I’ve been a parent for more than a year. There’s so much I could talk about, but today, I want to make a plea to parents (and anyone who interacts with children, for that matter): STOP SAYING YOU’RE OKAY or YOU’RE FINE!
Now that the weather’s turned, most of the parents and little ones that have been inside protecting against the harsh winter (at least in Ottawa, that is), are out and about at playgrounds and parks. Naturally, as there are more ‘dangerous’ new things for children to interact with, they’re bound to hurt themselves in some way. When little Jonny bangs his head on the stairs of the play structure — before he starts to cry — mom (it’s usually mom, but when dad is on Jonny-duty, dad does it, too), will say “You’re ok, you’re fine,” in what’s meant to pacify little Jonny. Mom thinks that she’s helping Jonny by telling him that he’s okay, but what she doesn’t realize is she’s stunting Jonny’s growth.
Let’s go back to the moment that Jonny bumps his head. If mom doesn’t say anything, maybe Jonny doesn’t even notice that he’s hurt himself (that is, maybe he didn’t hurt himself enough that he noticed — do you cry every time you bang a limb on a doorway, cabinet, or wall?) and Jonny continues on playing. Or maybe Jonny does start to cry because he’s hurt himself. Is that a problem? Do you expect little Jonny to go through his entire life without hurting himself? That is, do you really think that you thwarting his moment of pain by interrupting him and telling him he’s okay is really helping? Let me tell you — it’s not. It’s actually harmful. By intervening, mom is unintentionally telling Jonny that it’s not okay to feel pain. Mom is telling Jonny that feeling pain is bad.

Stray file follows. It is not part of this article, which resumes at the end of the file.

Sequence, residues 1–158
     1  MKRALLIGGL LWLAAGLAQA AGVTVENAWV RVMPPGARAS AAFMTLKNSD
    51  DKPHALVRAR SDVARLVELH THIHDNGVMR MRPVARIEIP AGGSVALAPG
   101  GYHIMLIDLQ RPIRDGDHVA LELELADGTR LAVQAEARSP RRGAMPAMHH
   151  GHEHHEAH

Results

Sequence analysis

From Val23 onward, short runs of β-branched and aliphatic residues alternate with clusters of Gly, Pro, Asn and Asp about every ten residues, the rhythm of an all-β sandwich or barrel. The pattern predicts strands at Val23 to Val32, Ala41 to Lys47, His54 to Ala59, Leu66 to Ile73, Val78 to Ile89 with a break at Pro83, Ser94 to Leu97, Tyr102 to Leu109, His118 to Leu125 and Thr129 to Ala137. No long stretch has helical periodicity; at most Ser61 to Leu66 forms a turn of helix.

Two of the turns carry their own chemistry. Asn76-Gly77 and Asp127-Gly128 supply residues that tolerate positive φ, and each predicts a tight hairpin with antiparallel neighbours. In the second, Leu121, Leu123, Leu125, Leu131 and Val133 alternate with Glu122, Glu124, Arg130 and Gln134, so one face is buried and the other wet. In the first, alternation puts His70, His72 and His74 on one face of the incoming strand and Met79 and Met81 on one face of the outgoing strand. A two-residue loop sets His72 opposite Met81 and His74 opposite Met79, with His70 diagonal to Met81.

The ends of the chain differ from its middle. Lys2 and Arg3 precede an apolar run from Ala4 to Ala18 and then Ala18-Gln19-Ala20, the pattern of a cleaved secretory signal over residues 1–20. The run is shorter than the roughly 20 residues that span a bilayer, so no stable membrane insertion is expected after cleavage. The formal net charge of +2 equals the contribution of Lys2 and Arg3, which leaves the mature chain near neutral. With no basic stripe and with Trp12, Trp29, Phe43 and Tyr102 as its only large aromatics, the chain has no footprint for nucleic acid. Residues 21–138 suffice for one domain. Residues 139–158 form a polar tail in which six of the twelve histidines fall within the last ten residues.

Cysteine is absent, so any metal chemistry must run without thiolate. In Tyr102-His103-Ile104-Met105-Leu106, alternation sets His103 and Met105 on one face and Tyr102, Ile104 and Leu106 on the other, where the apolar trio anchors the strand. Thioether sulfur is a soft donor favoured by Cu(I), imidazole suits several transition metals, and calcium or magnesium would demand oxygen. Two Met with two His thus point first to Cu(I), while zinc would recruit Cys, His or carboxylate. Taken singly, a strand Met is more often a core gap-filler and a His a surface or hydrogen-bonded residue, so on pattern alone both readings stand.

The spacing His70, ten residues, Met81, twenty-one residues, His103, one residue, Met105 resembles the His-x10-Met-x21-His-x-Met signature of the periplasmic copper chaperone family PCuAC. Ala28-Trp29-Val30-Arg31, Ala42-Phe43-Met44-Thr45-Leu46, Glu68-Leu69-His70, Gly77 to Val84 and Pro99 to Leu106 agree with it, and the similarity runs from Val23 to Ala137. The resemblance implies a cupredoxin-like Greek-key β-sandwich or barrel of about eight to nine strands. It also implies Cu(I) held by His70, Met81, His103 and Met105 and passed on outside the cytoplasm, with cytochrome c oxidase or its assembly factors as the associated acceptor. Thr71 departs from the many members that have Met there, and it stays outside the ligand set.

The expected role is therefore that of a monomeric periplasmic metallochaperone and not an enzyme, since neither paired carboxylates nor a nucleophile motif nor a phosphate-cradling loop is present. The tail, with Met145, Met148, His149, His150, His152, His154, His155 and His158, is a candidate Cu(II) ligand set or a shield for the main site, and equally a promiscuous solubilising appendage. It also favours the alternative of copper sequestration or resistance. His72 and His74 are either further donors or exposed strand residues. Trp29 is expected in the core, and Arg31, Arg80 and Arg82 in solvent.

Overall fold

When Jonny hurts himself and he’s upset — he’s upset. Let him be upset. Allow him the space to be upset that he’s hurt himself and experiencing pain. He’s allowed to feel pain. Most times, Jonny will cry for mere seconds and then he’s right back to running around the playground as if nothing happened. If mom intervenes and tells him, “You’re OK,” mom is signifying to Jonny that this ‘event’ of hurting one’s self is important and needs more attention. It doesn’t.
When Jonny hurts himself on the playground and mom intervenes telling him that he’s okay, what’s really going on? Mom is uncomfortable and when she’s telling Jonny, “You’re OK,” she’s actually saying that to comfort herself.
So, the next time Jonny hurts himself on the playground, I’d encourage parents (or caregivers) out there to, before you tell him that he’s okay, think about why it is that you’re telling Jonny he’s okay. Is it for him or is it for you?